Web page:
I'm a little freaked out by wireless digital communications right now. Supposed to be preparing for lab 5 and am still trying to do a post-mortem on lab 3. I realized I was in over my head and found a lab partner last week, but it feels like it is too late. He seems brilliant but was almost brought to tears when his LabView model of a QPSK system wouldn't run. I sat like a vegetable trying to deduce what was going wrong within his large flowchart. As it turned out, he (we) did not physically connect the transmitter to the receiver with a cable. The TA who never helps me understand anything (not to be confused with my helpful 345L TA) tried to joke that first rule of debugging is to make sure it's plugged in. We knew he was scoring easy points. The professor in this course looks like one of the Irish thugs in "Mystic River." I need to see him in office hours next week and ask him if I need to drop.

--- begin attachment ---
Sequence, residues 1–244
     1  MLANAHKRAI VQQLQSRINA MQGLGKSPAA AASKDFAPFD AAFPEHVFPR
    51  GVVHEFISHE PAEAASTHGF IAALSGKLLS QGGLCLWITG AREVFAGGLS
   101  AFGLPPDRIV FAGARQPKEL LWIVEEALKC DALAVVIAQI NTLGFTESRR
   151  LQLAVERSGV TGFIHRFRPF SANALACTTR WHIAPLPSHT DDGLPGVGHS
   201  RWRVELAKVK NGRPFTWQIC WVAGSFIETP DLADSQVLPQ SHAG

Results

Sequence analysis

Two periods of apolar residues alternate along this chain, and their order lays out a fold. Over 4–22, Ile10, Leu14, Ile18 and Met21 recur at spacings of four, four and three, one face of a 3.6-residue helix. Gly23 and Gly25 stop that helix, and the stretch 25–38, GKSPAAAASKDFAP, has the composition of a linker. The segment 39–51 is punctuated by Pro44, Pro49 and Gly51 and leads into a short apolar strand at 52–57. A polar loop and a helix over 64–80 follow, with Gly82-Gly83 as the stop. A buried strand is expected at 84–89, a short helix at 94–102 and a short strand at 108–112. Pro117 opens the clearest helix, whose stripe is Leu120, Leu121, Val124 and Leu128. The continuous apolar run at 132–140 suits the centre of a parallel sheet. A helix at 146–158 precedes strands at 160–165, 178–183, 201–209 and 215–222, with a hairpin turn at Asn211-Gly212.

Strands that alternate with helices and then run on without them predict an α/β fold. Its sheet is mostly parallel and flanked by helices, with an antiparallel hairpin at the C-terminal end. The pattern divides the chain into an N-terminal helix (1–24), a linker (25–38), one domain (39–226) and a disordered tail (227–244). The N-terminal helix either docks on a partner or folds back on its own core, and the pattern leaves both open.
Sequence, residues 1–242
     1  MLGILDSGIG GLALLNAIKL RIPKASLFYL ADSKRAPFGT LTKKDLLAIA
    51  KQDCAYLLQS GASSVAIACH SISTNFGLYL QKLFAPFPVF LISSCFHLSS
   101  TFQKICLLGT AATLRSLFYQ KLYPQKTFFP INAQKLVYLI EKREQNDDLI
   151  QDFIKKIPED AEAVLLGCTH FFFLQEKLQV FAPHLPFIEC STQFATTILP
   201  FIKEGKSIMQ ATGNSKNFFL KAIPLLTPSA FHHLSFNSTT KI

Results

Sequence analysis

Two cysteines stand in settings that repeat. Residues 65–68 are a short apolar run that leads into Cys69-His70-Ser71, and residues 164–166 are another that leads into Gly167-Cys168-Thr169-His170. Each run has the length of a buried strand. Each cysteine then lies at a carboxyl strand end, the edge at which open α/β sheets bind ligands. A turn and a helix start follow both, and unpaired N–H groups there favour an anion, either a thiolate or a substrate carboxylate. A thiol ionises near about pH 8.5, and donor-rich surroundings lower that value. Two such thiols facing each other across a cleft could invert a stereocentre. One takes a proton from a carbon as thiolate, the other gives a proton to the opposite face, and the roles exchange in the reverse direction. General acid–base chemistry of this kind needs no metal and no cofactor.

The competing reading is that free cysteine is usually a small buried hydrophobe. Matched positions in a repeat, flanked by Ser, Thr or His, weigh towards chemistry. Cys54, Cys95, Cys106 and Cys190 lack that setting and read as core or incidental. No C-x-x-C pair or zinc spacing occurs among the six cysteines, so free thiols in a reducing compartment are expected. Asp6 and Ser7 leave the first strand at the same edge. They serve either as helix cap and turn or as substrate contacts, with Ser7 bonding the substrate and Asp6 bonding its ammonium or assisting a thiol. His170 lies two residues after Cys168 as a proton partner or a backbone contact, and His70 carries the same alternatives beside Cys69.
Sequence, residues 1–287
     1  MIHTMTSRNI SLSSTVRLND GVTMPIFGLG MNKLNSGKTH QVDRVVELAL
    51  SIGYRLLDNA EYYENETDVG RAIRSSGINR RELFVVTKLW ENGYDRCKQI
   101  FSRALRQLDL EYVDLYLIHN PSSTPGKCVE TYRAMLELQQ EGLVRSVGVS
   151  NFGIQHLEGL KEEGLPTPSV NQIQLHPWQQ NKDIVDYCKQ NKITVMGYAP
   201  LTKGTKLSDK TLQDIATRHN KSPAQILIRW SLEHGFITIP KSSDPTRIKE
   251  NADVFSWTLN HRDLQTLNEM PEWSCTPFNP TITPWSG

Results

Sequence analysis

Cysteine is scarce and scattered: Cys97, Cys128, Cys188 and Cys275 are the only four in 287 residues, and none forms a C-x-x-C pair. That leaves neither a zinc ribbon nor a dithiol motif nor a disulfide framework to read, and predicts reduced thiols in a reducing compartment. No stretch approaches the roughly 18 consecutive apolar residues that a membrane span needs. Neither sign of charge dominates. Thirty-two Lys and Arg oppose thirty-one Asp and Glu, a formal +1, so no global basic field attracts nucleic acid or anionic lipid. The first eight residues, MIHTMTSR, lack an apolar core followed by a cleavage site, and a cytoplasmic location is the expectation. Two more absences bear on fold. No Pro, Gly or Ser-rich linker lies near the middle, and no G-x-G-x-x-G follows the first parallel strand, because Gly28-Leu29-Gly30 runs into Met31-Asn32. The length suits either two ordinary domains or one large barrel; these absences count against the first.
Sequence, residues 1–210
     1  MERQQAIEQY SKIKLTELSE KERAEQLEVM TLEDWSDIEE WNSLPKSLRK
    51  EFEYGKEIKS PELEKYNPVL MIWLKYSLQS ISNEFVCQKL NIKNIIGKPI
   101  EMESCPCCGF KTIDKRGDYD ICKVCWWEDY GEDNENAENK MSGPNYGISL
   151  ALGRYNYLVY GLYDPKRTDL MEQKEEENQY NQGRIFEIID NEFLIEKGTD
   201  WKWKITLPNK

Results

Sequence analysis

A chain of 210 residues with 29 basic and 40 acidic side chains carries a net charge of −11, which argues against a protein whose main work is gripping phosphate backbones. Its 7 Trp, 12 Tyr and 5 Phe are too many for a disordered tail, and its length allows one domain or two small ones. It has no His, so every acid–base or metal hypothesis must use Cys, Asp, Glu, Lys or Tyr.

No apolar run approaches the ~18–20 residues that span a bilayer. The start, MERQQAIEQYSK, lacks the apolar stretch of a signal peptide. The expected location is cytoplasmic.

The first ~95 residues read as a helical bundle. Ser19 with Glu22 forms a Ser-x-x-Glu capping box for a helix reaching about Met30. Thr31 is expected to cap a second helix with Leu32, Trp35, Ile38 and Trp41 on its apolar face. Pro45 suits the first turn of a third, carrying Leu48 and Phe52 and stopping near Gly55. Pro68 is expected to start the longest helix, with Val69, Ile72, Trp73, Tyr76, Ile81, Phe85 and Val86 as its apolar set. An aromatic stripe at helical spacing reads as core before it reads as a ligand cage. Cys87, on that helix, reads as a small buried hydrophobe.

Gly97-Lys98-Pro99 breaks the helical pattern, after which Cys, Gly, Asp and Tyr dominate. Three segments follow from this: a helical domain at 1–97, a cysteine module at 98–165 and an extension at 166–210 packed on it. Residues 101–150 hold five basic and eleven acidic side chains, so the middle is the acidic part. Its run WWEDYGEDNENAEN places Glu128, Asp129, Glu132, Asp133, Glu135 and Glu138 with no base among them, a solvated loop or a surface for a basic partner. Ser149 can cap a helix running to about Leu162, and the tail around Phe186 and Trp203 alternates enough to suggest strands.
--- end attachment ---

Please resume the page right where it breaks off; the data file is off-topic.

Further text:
This is pathetic, I can't express in words how hard I have been trying. The thing is I am not connecting. It seems like sitting around the house all day sitting here staring at notes and books is not really "trying." I suppose I could sit in a library. There is no tutor who can teach this stuff. I attend all the lectures. What more can I do?

By Tuesday, I am supposed to prove the complex least-squares solution to Ax-b. I took a course in linear algebra two years ago that required no proofs and treated complex numbers as "beyond the scope." I flattered myself by looking through the online course notes provided by MIT. For the last few days I have been wondering what a "Lemma" is. At MIT they talk in "lemmas." I had to review the derivation of a proj b! I'll never get it at this rate. It's as though I need to go back to school so that I can finish going back to school.